This change in service delivery will unlock approximately $6,500 per year that was invested in maintaining a year-round office space, officials say.

These funds now can be directed towards assisting residents in the North Kent area with #UNIGNORABLE issues, like poverty, mental health, homelessness, and addictions.

“And not only are dollars unlocked, but our team as well because this will allow us to become more flexible to meet with individuals and families in need in the community where and when it works best for them,” Pratt added in a press release.

For individuals and families who are wishing to connect with the Community Navigator Program at the CKPL Wallaceburg Branch, Community Navigator Lori Dilliott said residents may call 519-627-5292 or stop by and ask at the front desk for an appointment with a Community Navigator.

“The library staff have access to our schedule and will be able to set them up with an appointment or let them know when they can drop in and see us,” Dilliott said in a press release.

Currently, Community Navigators are in the CKPL Wallaceburg Branch on Mondays and Wednesdays from 10 a.m. to 6 p.m. and on Fridays from 10 a.m. to 5 p.m.

“We at the Chatham-Kent Public Library are proud to support our community in many ways – from offering free online tutoring services, to providing many free programs and events, to helping residents connect to our community’s human and social services,” stated Tania Sharpe, CEO and Chief Librarian of Chatham-Kent Public Library, in a media release.

“We are pleased to be able to work with United Way to ensure their team has a safe space to meet with local residents when needs arise.”

United Way also funds the 2-1-1 information and referral service in partnership with the Government of Ontario, a free helpline that connects people to community and social services in the area.

You can call 2-1-1 (similar to 9-1-1, but for non-emergency human, social, and government services) 24 hours a day, 365 days per year and the service is available in over 150 languages, United Way officials say.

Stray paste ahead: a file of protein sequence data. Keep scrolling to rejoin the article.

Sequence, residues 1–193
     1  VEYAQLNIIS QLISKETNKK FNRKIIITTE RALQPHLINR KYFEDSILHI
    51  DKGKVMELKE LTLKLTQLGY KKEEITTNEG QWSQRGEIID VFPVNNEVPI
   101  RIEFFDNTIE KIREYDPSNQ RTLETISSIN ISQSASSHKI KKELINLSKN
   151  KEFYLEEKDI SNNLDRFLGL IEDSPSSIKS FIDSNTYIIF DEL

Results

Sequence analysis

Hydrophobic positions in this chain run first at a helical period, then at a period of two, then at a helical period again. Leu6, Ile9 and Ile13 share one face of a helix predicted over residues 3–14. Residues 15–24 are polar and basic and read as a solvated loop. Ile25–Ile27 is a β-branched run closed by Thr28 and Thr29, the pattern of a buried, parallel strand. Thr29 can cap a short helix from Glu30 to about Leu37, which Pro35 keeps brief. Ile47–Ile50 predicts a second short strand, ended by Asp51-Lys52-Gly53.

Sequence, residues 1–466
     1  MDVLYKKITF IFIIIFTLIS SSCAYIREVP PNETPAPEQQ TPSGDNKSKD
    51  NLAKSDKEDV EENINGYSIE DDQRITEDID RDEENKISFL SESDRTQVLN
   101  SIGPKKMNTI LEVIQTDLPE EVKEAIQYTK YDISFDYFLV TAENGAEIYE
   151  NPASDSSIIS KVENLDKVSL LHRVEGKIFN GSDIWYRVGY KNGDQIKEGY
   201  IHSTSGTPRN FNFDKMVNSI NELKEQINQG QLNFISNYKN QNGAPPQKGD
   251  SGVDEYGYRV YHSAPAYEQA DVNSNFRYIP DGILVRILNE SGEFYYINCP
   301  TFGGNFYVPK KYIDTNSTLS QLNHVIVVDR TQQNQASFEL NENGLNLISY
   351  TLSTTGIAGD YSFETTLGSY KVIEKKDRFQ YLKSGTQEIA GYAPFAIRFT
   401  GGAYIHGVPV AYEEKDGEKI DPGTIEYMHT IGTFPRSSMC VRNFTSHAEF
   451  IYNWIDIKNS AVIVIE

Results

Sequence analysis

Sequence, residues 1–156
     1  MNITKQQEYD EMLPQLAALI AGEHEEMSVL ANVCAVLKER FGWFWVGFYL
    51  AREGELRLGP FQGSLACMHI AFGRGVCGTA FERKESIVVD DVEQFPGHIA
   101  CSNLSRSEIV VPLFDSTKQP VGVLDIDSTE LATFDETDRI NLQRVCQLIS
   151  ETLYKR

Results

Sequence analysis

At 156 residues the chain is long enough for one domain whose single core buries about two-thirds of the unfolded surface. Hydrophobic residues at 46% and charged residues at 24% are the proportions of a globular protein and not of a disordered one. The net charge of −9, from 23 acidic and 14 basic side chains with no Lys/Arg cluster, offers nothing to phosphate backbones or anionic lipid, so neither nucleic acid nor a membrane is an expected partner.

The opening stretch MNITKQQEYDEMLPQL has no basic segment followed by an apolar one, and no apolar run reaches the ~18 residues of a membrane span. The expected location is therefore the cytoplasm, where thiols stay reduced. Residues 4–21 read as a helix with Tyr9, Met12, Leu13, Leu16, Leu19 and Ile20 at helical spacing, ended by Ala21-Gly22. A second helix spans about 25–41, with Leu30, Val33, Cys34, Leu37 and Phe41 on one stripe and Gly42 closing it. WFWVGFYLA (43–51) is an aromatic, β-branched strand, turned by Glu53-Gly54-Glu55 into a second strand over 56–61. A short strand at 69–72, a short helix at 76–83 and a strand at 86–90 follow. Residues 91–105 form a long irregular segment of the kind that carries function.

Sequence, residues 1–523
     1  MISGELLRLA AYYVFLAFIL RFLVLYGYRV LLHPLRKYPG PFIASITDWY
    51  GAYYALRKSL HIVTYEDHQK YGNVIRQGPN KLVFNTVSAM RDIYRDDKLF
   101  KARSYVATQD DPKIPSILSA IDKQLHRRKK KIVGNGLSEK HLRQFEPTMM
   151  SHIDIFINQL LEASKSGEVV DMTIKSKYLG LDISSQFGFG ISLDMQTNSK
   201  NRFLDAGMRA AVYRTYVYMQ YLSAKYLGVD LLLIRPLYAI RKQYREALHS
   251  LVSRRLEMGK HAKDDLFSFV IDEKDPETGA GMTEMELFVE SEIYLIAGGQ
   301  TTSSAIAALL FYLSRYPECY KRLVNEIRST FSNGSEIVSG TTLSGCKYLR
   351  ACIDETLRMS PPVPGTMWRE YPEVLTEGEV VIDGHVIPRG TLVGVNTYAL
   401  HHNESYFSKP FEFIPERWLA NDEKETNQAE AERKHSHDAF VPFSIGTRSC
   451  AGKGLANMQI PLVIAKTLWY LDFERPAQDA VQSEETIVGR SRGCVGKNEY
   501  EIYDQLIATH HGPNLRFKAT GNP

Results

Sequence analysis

When you call 2-1-1, you will always speak to a live person, not a recording.

People can also access this service online by visiting 211ontario.ca where they can look up local community programs and services, email a question to the 2-1-1 team, or use the confidential live chat feature.

“Often times when people are in a tough situation and needing to reach out for help, the question is often ‘where do I even begin?'” Pratt said.

“2-1-1 aims to answer that question and lives by the mantra ‘help starts here’.”

In 2019, there were over 560 calls to the free helpline, over 210,000 visits to the online service, and over 4500 connections made – primarily through phone, email, and social media contact – with a local United Way office in the Chatham-Kent area alone.

“These changes will increase the level of service we are able to provide to local residents in the Wallaceburg area,” Pratt said.

“In 2018-2019, United Way funded programs served 6,778 people in North Kent, and that number only continues to rise year-over-year.”

Brian Armitage, Director of Labour United and staff support for the Wallaceburg outreach office, says he looks forward to continuing to serve the community.

“On behalf of United Way, I would like to thank the Wallaceburg Chamber of Commerce for sharing an office space with us at 152 Duncan Street over the years,” Armitage said in a press release.

“I want to reassure the residents of Wallaceburg and area that I am still very much available to meet with them in-person, over the phone, or through email and I believe this change will better help us to serve those in need in our community. I look forward to continuing to serve my hometown community.”

Armitage can be reached by calling 519-354-0430 ex. 296 or by email at brian@uwock.ca.